Collect data on wildlife populations, historical trafficking trends, law enforcement efforts, market demand, and relevant socio-economic factors.

Identify High-Risk Areas and Species

Analyse the collected data to identify regions and species most vulnerable to trafficking. Consider factors like species rarity, market demand, and law enforcement capacity.

Assess Vulnerability

Evaluate the vulnerability of high-risk species and areas based on factors like population size, reproductive rate, habitat stability, and accessibility to traffickers.

Evaluate Threats

Identify and assess the different threats contributing to wildlife trafficking, including market demand, corruption, enforcement gaps, and habitat degradation.

Rank Risk Levels

Assign risk levels to different species and areas based on a combination of vulnerability and threats. This helps prioritise conservation efforts.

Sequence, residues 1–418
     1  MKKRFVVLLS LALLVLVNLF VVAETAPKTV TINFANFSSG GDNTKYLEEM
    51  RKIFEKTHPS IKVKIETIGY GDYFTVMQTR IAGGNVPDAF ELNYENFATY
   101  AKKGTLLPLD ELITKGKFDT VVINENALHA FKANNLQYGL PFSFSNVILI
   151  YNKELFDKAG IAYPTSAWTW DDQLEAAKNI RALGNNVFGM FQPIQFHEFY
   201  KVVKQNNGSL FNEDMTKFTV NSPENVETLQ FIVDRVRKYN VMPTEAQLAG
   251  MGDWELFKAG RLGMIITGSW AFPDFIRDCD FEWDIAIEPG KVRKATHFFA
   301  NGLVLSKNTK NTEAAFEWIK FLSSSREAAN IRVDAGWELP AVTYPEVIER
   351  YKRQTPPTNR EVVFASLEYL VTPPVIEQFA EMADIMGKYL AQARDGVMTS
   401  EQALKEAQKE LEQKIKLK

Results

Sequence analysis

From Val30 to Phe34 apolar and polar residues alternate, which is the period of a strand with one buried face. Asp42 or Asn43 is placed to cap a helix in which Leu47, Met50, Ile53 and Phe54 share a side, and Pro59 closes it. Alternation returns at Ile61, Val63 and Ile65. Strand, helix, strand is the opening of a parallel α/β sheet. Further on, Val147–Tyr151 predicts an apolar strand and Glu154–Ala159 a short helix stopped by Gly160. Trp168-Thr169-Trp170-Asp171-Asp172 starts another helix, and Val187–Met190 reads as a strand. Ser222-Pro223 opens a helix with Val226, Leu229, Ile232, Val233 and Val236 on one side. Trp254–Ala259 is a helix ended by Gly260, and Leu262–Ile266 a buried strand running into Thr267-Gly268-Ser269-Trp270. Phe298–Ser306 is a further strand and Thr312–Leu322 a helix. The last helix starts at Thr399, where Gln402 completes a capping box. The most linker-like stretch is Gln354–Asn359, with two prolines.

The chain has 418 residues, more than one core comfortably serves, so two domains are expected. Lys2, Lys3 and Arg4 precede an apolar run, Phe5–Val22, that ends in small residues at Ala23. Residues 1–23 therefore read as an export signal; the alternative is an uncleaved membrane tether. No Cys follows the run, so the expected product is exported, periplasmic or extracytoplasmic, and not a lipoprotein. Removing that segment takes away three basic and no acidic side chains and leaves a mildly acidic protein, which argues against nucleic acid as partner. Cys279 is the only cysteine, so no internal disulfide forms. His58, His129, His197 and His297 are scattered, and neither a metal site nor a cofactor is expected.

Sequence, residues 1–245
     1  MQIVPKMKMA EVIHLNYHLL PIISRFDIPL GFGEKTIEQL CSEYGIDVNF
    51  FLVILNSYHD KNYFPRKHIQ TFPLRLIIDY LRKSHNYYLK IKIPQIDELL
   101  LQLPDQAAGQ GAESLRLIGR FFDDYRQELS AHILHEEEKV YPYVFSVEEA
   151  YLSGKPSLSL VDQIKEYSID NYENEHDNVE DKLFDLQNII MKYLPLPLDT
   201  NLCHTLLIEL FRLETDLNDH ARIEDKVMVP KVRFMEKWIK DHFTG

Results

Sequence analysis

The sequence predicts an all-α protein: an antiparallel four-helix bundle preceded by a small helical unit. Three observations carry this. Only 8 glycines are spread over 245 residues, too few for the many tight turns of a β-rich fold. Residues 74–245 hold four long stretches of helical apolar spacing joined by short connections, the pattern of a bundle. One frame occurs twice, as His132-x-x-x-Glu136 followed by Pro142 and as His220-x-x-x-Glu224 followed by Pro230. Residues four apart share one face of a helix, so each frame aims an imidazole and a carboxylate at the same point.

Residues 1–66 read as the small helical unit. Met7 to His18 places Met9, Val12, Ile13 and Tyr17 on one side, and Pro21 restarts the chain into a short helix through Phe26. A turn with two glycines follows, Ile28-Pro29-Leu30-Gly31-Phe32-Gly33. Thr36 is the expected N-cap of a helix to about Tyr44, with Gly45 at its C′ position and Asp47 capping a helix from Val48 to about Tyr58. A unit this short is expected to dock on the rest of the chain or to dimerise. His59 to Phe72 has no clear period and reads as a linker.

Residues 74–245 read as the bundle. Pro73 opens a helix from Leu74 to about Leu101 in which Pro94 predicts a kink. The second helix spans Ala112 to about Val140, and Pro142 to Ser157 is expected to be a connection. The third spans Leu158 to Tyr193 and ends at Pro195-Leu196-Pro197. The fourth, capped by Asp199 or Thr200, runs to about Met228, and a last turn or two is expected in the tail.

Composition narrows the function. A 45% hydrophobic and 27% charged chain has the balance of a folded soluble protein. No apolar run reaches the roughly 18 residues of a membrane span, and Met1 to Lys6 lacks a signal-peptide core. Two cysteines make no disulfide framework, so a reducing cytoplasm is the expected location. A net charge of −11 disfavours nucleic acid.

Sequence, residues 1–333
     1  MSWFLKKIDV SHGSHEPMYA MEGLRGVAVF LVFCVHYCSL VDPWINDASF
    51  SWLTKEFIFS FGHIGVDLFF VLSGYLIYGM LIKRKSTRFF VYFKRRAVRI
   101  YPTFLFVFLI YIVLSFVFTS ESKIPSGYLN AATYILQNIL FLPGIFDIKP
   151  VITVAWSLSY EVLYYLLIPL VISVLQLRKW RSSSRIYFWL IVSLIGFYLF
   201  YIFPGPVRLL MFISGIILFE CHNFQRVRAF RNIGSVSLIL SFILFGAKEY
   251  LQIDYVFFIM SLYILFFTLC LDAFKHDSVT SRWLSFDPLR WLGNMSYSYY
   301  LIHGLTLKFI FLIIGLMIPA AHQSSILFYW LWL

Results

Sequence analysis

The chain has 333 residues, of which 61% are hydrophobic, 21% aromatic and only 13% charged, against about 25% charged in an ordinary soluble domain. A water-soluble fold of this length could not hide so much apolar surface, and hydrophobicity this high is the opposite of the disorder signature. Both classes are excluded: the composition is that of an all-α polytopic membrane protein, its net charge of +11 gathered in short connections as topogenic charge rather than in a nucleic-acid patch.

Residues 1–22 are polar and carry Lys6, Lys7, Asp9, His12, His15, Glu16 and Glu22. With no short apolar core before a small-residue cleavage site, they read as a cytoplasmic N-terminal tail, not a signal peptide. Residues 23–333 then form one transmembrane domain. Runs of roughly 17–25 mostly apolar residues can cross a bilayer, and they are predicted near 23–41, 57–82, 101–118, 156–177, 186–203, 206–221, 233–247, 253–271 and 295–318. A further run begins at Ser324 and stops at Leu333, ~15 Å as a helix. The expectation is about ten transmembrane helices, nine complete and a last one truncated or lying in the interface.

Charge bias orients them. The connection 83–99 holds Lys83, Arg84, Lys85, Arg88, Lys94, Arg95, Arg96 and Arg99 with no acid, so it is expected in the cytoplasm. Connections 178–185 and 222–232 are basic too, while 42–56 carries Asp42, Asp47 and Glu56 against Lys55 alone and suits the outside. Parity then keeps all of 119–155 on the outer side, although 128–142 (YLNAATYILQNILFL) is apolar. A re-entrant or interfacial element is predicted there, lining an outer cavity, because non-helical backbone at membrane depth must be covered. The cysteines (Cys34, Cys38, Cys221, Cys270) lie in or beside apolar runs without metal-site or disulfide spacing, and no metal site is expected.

Develop Mitigation Strategies

Create targeted strategies to address the identified risks. This may involve strengthening law enforcement, enhancing habitat protection, reducing market demand, and raising public awareness.

Implement and Monitor

Put the strategies into action and continuously monitor their effectiveness. Adapt your approach as needed based on new information and changing circumstances.


Engage with government agencies, NGOs, local communities, and other stakeholders to maximise the impact of your efforts.


Regularly communicate the results of your assessment, progress on mitigation strategies, and success stories to raise awareness and inspire collective action.


A Wildlife Trafficking Risk Assessment?

When conducting a Wildlife Trafficking Risk Assessment, consider a range of risk factors that contribute to the likelihood of illegal trade and its impact on species and ecosystems. Some key risk factors to consider include:

By considering these risk factors in your assessment, you can develop a comprehensive understanding of the dynamics driving wildlife trafficking in a particular area or with regard to specific species. This, in turn, will help you design more effective strategies to mitigate these risks and protect vulnerable wildlife.